Money-transfer app Synch Payments raises additional €5m

AIB, Bank of Ireland, PTSB venture to rival Revolut awaits competition authority nod

The four Irish banks seeking to set up a money-transfer app to rival Revolut have raised an additional €5 million to fund the venture.

Documents filed on Friday with the Companies Registration Office show that AIB, Bank of Ireland, Permanent TSB and KBC Bank Ireland committed more capital to the new entity, Synch Payments.

AIB acquired a further €2.3 million of shares while Bank of Ireland bought €1.7 million. Permanent TSB bought €855,000 of stock while KBC Bank Ireland, which is exiting the Irish market, took on an additional €8,500.

This comes on the back of an initial capital raise of €5.9 million flagged earlier this year.


The joint venture aims to deliver a payment app that will enable users to send and make payments in real time, one that will take on challenger banks such as Revolut, Zumo and Germany’s N26. The initial phase is expected to focus on consumer-to-consumer payments.

The fear among traditional banks is that, as these new platforms continue to build up market share in payments, they will ultimately have a ready customer base for future lending and other financial products.

The Synch project hit a stumbling block earlier this year after the Competition and Consumer Protection Commission pushed back its application to establish a joint venture.

Independent entity

The commission said it was unable to determine whether the planned transaction was a merger or acquisition within the meaning of Irish competition laws.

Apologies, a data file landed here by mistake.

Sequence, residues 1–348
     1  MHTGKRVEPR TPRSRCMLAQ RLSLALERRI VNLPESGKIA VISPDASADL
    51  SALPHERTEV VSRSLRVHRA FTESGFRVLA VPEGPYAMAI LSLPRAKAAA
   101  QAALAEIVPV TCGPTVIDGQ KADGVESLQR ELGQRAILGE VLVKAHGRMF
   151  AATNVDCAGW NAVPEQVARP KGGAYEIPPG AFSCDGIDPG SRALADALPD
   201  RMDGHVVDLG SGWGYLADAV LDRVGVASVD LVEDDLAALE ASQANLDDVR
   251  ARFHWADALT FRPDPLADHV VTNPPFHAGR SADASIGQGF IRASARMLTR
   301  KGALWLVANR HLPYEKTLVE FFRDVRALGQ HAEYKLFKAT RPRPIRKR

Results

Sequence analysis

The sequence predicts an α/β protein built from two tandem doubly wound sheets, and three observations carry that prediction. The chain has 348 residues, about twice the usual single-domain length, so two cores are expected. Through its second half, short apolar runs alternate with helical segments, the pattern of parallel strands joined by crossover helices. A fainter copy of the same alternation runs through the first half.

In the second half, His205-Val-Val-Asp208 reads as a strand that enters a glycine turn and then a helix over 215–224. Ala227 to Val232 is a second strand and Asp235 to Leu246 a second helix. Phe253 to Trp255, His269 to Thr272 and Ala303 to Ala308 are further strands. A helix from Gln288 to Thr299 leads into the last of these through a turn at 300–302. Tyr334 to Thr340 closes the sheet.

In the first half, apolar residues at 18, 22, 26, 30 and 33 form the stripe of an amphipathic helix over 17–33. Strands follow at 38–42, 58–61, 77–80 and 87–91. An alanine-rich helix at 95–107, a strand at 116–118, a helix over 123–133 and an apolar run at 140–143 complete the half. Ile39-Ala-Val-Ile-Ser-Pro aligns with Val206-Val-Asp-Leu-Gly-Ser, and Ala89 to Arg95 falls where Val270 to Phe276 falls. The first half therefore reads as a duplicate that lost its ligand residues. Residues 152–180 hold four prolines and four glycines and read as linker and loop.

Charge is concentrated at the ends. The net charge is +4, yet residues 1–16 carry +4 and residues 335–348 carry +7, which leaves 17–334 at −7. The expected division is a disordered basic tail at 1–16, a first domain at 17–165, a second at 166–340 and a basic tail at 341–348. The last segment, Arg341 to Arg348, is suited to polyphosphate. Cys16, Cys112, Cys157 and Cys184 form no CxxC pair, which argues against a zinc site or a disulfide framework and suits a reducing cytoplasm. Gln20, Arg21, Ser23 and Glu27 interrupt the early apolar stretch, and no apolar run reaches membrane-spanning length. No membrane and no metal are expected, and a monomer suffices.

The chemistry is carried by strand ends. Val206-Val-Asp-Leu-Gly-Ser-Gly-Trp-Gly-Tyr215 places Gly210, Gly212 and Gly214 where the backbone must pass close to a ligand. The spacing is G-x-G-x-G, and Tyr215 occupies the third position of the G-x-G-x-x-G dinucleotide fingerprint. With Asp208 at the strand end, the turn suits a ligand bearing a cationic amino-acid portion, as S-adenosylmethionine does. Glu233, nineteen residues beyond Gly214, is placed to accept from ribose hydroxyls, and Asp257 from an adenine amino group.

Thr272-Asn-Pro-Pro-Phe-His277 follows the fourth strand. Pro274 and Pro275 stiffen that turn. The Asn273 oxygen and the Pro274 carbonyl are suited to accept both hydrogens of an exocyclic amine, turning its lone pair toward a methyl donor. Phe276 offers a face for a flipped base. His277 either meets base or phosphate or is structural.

The venture is still awaiting the green light from the competition authority but expects to be launching next year.

“Synch Payments was established by some of Ireland’s leading banks with the aim of transforming digital payments from – and to – consumers and businesses in Ireland through the introduction of a new payments application,” a Synch spokeswoman said. “While the banks remain the shareholders of Synch, it has been established as an independent entity with its own executive management team. It is currently awaiting CCPC approval,” she said.

“The recent filings in the Companies Registration Office relate to a scheduled share allocation among our existing shareholders. The additional investment will be used to support both the launch of the business and its early growth plans,” she said.

“We welcome and acknowledge the continued commitment and support of our shareholders as we prepare to bring the benefits of Synch to the market next year,” she added.

Eoin Burke-Kennedy

Eoin Burke-Kennedy

Eoin Burke-Kennedy is Economics Correspondent of The Irish Times